When I was a student, our reading list for my first-year political science class featured the book Liberals and Communitarians by Stephen Mulhall and Adam Swift. It was interesting enough to read at the time, but two and a half decades later its message resonates ever more loudly.
As the name suggests, the book considers the tension between two fundamental themes of political philosophy: liberalism and communitarianism.
It does so by exploring the writings of a selection of liberal and communitarian thinkers – including John Rawls, Ronald Dworkin and Richard Rorty (representing the liberals) and Michael Sandel, Alisdair MacIntyre and Michael Walzer (representing the communitarians).
(As I write this, I realise that these are all men. I didn’t notice this twenty five years ago. So I’ve evolved, even if the book is now looking slightly dated in this respect.)
Liberalism is all about the rights and freedoms of the individual. It developed in response to the absolute monarchies and systems of hereditary privilege that plagued the Western world in the middle ages. And, while there are various schools of liberal thought, it’s usually regarded as synonymous with things like private property, the free market economy and the rule of law.
The big question with liberalism, though, is what the individual rights and freedoms that it promotes should actually be.
You could, for example, have what Thomas Hobbes described as a ‘state of nature’, where there’s no social contract governing human behaviour and everyone basically does whatever they like. This may sound appealing, but it’s worth noting that even Hobbes, in Leviathan, describes life under such circumstances as “solitary, poor, nasty, brutish and short”.
Perhaps for this reason, many thinkers have explored ways to determine the rights and freedoms with which we should be endowed. Others have set out what they think these specific rights and freedoms should be. See, for example, the french Declaration of the Rights of Man and of the Citizen, the Universal Declaration of Human Rights, and the first ten amendments to the United States constitution, known collectively as the Bill of Rights.
While few would argue with the notion of rights per se, a common criticism of liberalism is that it focuses on the individual at the expense of the collective. It ignores the complex web of social relationships that makes each of us who we are.
Liberalism, so the argument goes, leads to the atomisation of society – with us all living in our own individual bubbles – and to the breakdown of social cohesion and community relationships.
Enter communitarianism. Communitarianism is all about the interactions between the individual and the community of which they are a part. This might be a family, a workplace, a locality, a social group or something else. Whatever form it takes, we’re part of that community and the community plays a substantial role in shaping who are and what we do.
The underpinnings of communitarianism as a political philosophy have been around for some time. But it’s become more prominent in recent decades in the writings of Michael Sandel and others, often in response to the perceived failings of the political liberalism espoused by John Rawls in A Theory of Justice and other works.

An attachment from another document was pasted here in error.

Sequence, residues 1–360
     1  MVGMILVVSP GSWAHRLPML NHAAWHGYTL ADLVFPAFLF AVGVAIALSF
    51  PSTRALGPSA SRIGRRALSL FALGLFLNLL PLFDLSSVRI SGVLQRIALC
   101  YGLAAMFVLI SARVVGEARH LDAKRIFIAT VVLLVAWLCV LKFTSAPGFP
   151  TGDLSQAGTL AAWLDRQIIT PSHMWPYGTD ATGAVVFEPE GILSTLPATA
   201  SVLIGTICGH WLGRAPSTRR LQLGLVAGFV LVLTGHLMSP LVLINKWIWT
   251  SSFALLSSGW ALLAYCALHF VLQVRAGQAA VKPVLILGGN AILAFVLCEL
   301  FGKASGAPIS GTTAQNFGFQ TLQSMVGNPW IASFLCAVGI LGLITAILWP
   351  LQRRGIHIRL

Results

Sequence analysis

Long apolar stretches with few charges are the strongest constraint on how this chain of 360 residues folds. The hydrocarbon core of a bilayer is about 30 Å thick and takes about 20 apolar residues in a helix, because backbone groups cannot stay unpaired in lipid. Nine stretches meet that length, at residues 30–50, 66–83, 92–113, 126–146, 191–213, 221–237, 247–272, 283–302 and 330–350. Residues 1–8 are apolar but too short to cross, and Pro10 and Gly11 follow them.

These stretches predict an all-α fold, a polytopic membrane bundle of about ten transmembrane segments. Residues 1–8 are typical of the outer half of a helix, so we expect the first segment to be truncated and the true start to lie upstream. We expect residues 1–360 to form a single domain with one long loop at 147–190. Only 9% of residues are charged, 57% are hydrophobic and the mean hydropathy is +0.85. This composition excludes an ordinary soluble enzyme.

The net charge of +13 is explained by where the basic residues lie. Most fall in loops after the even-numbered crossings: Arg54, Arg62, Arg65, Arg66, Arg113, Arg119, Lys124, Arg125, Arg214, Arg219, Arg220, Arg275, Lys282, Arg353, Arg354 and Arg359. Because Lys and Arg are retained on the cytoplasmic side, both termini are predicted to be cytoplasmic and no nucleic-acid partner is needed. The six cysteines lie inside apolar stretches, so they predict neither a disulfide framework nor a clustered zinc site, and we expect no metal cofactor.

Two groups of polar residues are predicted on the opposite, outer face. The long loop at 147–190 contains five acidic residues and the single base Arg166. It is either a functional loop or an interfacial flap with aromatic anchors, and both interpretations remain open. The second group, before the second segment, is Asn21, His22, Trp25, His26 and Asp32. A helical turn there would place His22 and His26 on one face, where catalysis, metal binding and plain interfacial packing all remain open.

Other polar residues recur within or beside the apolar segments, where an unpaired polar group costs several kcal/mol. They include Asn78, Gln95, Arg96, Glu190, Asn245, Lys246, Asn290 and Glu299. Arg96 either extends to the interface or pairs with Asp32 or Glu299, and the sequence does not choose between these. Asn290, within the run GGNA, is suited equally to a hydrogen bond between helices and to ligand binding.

Another book I first read at university was Amitai Etzioni’s The Spirit of Community. Amitai Etzioni was a sociologist – and , interestingly, a former elite commando with the forerunner of the Israeli Defence Forces – who sought to deepen our understanding of communitarianism, to advance the communitarian movement and to communicate the benefits of communitarianism to a wider audience.
While much of Etzioni’s work is academic in nature, The Spirit of Community was written for a more general audience. In it, he argues that our communities are breaking down and that we need to create a better balance between individual rights and social responsibility. We need to focus more on the institutions that bind us together, such as marriage, schools, the family, neighbourhoods and religious groups.
I remember reading at the time that The Spirit of Community went down well with US President Bill Clinton and with UK Prime Minister Tony Blair. Others were less enthusiastic about Etzioni’s ideas, arguing that communitarianism would lead inevitably to social conservatism and to intolerance of anything that didn’t meet established social norms. I must admit that I harboured such concerns myself, too.
The presence of an ongoing conflict between individual rights and social responsibilities – between the notions of liberalism and communitarianism – is, however, undeniable.
We saw this with masking during the pandemic, with some individuals refusing to wear a mask because it ‘breached their rights’, despite strong evidence that wearing a mask – not, in itself, an overly onerous prospect if you’re just nipping into Tesco – helped to protect those around you.
And Robert Shrimsley explains brilliantly in a recent Financial Times article how the battle between individual rights and social responsibilities is currently playing out in UK transport policy, with the demands of individual car drivers (cheap fuel, massive engines, ability to drive wherever and whenever the hell they want) repeatedly taking precedence over the needs of communities and of society as a whole (alternative transport options, safe streets, breathable air, combating climate breakdown).
As Shrimsley notes, there’s a balance to be achieved between the rights of individuals and the needs of community and society. Between the fundamental tenets of liberalism and of communitarianism. But it’s far from clear where this balance lies. And, indeed, where it should be.
This is a debate that has been simmering since well before I first read Liberals and Communitarians a quarter of a century ago.
And it’s not going to go away.
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